10. Wooden Ships, August 16, 2016 at 6:02 p.m.

    Just thought I'd chime in with, I like the game better without technology. Once we put our toe in the water, there's no taking it out. I can see us eventually whining about power surges-failure, venue differences, pro-versus amateur, colleges will think they have to have it then high school, others countries not having the same level of capabilities. It's never ending now. Are drones in the future. We can't stand being wronged. Life is now going to be fair.

  11. Richard Brown, August 17, 2016 at 4:48 a.m.

    wooden ships personally I agree with you. I always thought our game is perfect. I never liked changes to our game. After a while I accepted it. One of the reasons I do love our game was because it has relatively less changes then any other game.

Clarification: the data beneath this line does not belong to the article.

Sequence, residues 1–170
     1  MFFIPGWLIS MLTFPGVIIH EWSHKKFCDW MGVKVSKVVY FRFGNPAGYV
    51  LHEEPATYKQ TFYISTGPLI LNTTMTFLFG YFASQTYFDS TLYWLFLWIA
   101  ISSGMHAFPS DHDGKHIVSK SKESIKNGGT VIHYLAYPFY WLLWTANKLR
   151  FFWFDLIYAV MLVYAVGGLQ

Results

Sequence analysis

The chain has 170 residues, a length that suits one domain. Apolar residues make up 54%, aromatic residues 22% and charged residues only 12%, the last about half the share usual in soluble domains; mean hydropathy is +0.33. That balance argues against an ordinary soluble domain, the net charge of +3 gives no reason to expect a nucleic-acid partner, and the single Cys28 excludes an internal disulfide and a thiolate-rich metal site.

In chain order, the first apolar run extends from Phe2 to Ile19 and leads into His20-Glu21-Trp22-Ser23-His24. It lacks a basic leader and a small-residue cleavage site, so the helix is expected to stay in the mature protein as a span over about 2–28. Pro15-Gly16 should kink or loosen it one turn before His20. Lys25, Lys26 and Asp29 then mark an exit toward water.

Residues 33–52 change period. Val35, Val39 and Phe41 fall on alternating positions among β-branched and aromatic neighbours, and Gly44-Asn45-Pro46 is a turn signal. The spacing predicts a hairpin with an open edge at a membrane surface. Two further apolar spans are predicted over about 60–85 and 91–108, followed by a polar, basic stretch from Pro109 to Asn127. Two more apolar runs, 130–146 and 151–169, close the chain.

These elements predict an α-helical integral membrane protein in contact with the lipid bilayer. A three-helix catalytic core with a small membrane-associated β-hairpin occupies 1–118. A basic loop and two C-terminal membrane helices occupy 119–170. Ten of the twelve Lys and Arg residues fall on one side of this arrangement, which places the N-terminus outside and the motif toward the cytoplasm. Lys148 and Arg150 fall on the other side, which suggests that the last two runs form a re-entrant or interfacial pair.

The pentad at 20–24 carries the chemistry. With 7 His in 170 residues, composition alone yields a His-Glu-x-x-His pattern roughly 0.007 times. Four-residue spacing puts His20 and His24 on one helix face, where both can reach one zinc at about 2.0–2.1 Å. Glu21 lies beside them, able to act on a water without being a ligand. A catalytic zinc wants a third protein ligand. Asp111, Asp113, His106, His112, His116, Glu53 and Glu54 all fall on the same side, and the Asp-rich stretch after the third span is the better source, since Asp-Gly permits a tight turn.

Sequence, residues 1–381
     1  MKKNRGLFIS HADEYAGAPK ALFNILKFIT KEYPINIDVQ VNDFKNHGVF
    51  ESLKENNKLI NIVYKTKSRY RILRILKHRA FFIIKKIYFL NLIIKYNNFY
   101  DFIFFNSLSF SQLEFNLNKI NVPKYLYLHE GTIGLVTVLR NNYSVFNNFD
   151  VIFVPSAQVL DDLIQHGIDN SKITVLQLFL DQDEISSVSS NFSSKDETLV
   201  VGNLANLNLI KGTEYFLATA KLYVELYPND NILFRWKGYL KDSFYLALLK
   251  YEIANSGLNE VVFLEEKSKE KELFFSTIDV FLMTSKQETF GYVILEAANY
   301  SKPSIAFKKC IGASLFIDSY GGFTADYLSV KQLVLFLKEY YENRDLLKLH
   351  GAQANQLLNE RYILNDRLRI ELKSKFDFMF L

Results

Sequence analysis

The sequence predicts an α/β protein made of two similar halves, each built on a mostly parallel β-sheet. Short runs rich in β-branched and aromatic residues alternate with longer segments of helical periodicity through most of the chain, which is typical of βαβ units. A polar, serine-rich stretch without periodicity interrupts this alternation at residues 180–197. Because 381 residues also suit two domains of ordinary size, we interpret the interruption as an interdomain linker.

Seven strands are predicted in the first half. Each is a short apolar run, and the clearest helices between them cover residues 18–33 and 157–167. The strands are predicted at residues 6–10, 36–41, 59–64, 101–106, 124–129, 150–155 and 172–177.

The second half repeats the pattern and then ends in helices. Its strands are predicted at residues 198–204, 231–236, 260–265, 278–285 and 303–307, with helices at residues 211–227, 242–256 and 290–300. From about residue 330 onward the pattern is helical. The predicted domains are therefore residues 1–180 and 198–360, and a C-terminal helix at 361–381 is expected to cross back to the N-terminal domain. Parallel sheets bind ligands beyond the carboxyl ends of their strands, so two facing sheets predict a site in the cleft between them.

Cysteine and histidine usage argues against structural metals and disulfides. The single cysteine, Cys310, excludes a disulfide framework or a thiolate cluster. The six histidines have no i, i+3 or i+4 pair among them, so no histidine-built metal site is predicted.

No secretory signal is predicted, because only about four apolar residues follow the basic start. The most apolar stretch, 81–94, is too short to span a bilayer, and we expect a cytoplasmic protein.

Coaches try to teach players how to use the changes to their advantage. I am sure they will do that with this.

    Problem is the average fan doesn't even know what good football is when they see it. They just see what's going on near the ball. The fun part is what is going on farther from the ball. They don't know that our game is a physical game so they think all contact is a foul.

    With our under 19s and we had very good under 19s. When we let them play our adult team in a friendly they had a rude awakening to what the real game is all about. They are not going to get a foul called on all physical play.

    They have to get used to playing the adult game.

    They also see first hand how important a team captain is in a game. He is even more important on the practice field.